You can also use a combination of both approaches to get different perspectives on incoming threats. A good practice is to build a list or dictionary of potential threats using both these approaches.

3. Prioritizing Vulnerabilities/Risks

Now that you’ve properly assessed the vulnerabilities and potential threats (the threat models), you can assign priorities based on the probability and severity of potential attacks. As we’ve discussed above, remember that your resources and time are limited, so it’s important to get your priorities straight.

8. Escape, Validate, & Sanitize Incoming Inputs

An effective way to protect your web application especially from cross-site scripting (XSS) threats is to escape, validate, and sanitize all incoming user inputs.

Escaping Inputs

Escaping is a process of securing the data received by a web application before making it available to end-users. Escaping data is very important to prevent your web application from improperly interpreting malicious data.

If your web page doesn’t allow users to input their own code, then it’s fairly easy to escape data input. However, if your page has, for example, a comment section or a form field where users can potentially input HTML codes or JavaScript, then you should carefully escape it by allow-listing or validation, as we’ll discuss below.

Input Validation

Validation ensures that your web app is only providing trusted data while filtering out potentially malicious user inputs. This is also called “allow-listing”, which is particularly effective for SQL and XSS threats.

Sanitizing Input

Sanitizing your input involves the modification of input data to ensure that it is valid—for example by enclosing the input data in double-quotes (“). This is very important in web apps with HTML markups.

9. Educate Your Whole Team

With today’s cybersecurity threats, cybersecurity cannot be the responsibility of your IT security team alone. All IT security practices—including web application security— have to involve all those involved in the development, operations, and testing process.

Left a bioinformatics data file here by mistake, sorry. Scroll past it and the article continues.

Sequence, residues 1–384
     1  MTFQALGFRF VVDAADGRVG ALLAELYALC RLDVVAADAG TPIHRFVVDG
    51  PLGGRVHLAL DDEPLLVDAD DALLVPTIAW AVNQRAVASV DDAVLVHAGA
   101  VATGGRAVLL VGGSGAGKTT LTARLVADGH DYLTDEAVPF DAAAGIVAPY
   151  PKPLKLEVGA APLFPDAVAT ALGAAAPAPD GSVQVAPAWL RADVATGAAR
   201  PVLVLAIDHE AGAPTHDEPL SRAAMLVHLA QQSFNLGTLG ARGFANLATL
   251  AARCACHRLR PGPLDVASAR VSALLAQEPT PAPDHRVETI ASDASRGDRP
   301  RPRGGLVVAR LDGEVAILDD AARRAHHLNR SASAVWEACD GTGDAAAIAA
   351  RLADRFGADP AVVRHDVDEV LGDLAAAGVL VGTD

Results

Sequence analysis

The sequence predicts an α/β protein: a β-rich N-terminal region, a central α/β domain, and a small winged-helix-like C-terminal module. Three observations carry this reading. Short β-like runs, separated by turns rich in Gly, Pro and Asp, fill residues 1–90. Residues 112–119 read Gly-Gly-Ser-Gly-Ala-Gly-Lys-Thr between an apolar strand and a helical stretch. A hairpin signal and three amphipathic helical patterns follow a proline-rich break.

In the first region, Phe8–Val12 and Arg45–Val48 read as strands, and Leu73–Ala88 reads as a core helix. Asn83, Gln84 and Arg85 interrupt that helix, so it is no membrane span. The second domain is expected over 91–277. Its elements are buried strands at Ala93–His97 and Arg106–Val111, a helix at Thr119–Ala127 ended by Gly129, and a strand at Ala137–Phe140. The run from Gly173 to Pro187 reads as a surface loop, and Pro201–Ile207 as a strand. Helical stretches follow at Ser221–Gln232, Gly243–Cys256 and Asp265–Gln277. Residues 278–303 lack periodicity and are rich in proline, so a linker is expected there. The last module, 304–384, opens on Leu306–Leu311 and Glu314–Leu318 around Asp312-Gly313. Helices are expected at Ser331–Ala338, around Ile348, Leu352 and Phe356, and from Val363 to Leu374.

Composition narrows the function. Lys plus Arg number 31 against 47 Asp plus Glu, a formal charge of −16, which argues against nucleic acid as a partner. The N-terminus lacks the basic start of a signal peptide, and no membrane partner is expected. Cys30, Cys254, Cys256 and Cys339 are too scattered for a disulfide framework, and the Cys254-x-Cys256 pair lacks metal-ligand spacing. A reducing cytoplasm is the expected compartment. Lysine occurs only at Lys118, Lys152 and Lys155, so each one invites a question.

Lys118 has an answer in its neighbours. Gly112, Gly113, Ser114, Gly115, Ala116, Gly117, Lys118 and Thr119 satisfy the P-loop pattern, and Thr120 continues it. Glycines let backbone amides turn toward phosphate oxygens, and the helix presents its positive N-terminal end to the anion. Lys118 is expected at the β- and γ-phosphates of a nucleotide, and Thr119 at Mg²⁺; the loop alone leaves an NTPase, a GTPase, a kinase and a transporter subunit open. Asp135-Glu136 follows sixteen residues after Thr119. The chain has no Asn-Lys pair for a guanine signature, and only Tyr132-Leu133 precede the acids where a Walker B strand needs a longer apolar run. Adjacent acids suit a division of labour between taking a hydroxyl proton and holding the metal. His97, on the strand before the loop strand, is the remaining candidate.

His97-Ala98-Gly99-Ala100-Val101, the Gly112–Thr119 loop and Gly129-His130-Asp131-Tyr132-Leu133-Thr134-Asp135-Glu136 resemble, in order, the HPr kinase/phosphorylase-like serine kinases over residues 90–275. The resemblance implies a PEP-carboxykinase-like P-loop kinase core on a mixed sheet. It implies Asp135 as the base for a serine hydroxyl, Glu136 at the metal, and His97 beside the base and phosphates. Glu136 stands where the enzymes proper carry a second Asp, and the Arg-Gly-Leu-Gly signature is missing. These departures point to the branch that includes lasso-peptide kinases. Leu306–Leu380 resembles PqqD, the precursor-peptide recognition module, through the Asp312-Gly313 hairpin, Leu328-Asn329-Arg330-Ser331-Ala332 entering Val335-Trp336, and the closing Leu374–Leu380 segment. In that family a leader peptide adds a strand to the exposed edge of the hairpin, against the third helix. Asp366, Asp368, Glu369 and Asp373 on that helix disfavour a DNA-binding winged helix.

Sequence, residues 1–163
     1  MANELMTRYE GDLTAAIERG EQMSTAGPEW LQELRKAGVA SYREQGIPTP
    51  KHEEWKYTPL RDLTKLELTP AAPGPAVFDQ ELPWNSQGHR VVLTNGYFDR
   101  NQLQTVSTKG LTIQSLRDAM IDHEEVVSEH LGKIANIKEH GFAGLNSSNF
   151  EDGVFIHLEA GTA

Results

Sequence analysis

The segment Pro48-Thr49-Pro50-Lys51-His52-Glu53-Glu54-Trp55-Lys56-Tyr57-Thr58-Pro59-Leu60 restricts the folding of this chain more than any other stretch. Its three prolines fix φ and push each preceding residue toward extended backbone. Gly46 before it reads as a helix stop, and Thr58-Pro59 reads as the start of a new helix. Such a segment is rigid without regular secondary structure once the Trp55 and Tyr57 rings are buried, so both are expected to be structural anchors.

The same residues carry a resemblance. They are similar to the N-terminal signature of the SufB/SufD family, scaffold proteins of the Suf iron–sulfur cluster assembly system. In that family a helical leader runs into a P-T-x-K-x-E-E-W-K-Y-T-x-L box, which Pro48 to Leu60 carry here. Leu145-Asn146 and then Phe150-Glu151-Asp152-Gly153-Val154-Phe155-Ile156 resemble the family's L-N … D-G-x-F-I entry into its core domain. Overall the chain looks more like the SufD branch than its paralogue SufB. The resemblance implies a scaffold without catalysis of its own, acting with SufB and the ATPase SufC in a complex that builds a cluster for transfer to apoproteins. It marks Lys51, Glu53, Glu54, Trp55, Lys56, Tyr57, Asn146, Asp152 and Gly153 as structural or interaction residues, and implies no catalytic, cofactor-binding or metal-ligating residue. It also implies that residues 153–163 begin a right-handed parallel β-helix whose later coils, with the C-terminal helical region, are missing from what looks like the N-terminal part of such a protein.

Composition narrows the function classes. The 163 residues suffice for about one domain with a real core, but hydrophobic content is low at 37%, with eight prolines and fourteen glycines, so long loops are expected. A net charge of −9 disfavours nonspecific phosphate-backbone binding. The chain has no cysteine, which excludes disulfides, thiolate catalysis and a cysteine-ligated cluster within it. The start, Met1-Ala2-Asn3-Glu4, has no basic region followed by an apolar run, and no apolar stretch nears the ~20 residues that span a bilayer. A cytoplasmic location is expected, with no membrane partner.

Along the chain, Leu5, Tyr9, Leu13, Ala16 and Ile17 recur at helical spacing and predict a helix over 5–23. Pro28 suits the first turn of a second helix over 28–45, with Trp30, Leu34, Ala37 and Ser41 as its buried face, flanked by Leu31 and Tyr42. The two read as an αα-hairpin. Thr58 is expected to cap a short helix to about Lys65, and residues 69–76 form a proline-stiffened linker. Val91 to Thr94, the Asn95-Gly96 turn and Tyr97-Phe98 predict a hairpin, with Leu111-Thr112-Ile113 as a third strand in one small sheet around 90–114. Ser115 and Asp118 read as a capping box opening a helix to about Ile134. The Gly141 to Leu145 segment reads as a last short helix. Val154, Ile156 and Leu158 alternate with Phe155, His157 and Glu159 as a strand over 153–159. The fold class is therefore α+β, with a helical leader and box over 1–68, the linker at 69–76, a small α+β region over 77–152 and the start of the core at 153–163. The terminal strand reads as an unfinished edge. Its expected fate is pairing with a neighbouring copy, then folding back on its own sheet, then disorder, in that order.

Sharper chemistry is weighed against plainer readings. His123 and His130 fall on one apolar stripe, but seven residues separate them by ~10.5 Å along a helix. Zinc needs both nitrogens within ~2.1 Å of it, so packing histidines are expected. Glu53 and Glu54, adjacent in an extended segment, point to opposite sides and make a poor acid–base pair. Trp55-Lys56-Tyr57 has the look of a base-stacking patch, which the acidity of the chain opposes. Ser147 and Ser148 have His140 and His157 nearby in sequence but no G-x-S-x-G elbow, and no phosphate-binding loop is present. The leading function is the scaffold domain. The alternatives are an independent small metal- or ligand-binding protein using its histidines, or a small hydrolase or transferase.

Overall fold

To do this, companies should adopt the DevSecOps methodology, where security is considered between the development and operations aspects of the web application.

10. Manage Cookies & Authentication Tokens

Cookies or authentication tokens are used to help a user not have to re-verify themselves during a session, or potentially for later sessions. Cookies can be hijacked and forged by malicious actors, and if you store sensitive information like passwords in cookies, hackers will be able to steal credentials from your users. Additionally, cookies and authentication tokens should expire at some point (such as monthly) to ensure users re-authenticate regularly.

And as always, encrypt your data so that even if it’s intercepted, it cannot be read.

11. Have a Plan for Responding to Attacks & Breaches

The goal is always to secure your web application enough that attacks and breaches will not occur. But you need to be prepared if they do. Without a plan in place, responding to cyberattacks will be slow, leading to significant revenue losses as well as reputational damage.

There should be a separate plan for each category of attack (such as account takeover or DDoS) with simple steps to respond to and mitigate the attack. Ensure your employees are well-trained on these processes, and test the processes to identify any points that slow down your response to the threat.


Maintaining a secure web application should be a collective effort of your whole team. Start by defining a plan to find vulnerabilities, set your priorities, and fixing these vulnerabilities to stop attack attempts. Also, maintain a regular monitoring schedule by checking your security logs and activity patterns.

A real-time bot detection solution can also help in detecting hacking attempts as early as possible, which in turn can be very effective in preventing various web application attacks.

The article was first published here